Oil major BP announced a "major" gas discovery offshore Senegal with joint venture partner Kosmos Energy today, which it says further backs up claims the area is home to a world-class hydrocarbon basin.
The Yakaar-1 exploration well is part of a nearly $1bn (£773m) investment BP made into gas exploration in West Africa late last year.
Kosmos estimates Yakaar-1 discovered a gross gas resource of approximately 15 trillion cubic feet (tcf), in line with pre-drill expectations.
The 33,000 square km of acreage covered by the joint venture also includes the Tortue field, which is estimated by Kosmos to contain more than 15 tcf of discovered gas resources.
Bernard Looney, BP upstream chief executive, said: “Yakaar-1 follows the earlier exploration success that led to the Tortue discovery and further confirms our belief that offshore Senegal and Mauritania is a world-class hydrocarbon basin."
This discovery marks an important further step in building BP’s new business in Mauritania and Senegal. We look forward to results from the additional exploration wells planned for 2017.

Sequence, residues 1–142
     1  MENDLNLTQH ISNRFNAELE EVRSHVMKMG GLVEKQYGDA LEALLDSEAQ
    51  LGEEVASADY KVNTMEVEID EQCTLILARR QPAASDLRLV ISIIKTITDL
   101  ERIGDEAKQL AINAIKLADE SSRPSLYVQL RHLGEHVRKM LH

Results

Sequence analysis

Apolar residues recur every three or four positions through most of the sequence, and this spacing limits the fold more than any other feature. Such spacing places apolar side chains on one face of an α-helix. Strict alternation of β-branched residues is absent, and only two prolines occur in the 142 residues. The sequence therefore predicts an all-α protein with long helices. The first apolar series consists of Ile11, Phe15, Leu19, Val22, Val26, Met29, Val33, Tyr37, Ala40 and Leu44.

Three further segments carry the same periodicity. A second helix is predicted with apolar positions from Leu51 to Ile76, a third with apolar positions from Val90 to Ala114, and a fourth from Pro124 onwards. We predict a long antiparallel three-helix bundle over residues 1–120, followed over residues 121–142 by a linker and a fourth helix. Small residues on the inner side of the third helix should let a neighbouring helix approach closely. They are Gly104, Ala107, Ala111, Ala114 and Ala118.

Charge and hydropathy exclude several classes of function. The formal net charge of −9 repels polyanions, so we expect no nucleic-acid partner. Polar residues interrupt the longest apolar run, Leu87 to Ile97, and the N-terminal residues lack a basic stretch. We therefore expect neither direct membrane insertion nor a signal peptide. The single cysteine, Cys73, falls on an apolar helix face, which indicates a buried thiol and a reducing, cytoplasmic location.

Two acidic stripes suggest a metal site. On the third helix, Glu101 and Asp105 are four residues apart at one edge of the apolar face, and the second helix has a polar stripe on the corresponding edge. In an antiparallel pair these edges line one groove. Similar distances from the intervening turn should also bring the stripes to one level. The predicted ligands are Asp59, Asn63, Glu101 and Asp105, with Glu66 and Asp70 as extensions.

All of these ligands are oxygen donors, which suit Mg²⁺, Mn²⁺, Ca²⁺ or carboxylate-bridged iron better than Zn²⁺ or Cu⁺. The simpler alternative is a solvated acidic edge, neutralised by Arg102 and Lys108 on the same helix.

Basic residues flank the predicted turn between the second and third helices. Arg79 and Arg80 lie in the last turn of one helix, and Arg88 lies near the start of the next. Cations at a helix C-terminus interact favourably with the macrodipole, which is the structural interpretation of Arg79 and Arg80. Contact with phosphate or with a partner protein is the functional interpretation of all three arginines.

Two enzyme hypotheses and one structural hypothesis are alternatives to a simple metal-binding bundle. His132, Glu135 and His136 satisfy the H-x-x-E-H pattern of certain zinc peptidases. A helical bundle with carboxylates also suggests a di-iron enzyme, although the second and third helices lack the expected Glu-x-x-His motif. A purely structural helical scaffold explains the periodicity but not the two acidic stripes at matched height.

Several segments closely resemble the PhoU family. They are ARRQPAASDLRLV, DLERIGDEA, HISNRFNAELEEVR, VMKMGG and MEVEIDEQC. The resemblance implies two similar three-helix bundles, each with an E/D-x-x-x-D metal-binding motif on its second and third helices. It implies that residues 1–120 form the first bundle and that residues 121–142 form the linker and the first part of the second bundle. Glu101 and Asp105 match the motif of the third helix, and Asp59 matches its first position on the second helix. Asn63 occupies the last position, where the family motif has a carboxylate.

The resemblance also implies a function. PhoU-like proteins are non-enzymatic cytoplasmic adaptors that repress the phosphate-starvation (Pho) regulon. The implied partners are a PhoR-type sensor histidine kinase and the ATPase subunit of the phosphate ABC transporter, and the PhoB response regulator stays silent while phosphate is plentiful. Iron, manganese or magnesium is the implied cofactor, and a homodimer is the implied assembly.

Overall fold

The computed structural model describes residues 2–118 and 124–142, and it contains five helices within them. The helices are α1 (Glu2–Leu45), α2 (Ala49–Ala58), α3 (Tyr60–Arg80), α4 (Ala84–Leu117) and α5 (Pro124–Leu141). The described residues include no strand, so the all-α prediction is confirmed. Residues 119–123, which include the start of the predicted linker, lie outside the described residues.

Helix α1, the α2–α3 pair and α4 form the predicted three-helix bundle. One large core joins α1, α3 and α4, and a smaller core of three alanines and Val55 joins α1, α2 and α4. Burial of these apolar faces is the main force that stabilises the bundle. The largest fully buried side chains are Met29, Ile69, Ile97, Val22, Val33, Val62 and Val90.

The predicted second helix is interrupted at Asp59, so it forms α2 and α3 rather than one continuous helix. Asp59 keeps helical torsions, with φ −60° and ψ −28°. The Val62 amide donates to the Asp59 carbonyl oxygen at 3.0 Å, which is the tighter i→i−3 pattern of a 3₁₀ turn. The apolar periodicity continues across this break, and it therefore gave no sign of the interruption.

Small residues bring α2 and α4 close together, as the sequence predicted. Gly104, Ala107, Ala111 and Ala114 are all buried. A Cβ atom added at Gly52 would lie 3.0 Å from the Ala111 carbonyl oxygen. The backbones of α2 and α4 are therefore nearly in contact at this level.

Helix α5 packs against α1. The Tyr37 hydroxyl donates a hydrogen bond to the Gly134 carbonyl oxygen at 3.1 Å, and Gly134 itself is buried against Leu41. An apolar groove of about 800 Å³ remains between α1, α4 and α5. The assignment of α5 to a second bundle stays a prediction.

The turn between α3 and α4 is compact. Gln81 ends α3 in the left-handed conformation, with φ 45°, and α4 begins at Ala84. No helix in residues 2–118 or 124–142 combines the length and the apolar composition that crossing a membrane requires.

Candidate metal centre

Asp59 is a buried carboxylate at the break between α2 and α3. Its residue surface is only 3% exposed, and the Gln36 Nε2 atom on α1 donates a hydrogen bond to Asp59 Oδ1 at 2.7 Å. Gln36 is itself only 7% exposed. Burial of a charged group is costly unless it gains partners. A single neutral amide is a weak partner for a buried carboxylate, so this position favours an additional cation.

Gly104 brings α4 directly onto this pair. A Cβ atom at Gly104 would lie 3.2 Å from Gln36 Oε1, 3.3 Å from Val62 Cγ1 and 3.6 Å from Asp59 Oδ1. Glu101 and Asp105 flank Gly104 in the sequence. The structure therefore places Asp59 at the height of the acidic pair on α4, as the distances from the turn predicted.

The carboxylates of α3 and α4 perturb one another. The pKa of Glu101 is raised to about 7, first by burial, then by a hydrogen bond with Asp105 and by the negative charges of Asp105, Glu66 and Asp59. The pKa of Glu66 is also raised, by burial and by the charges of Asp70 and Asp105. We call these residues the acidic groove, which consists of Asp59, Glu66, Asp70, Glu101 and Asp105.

Andrew Inglis, chairman and chief executive of Kosmos, said: “Kosmos has a 100 per cent success rate in the basin with six consecutive successful exploration and appraisal wells drilled to date.
"The result also confirms our view of the potential scale of the petroleum system offshore Mauritania and Senegal."
Read more: A dealmaking BP is emerging from crisis
BP and Kosmos will be drill stem testing the Tortue discovery in mid-2017 and will now drill three additional exploration wells over the next 12 months offshore of Senegal and Mauritania.
Last week, BP's first quarter profits smashed analyst expectations due to rising oil prices. Brent crude oil prices averaged around $54 per barrel in the first quarter of 2017, compared with just under $34 a barrel in the same period last year, according to data from the US Energy Information Administration.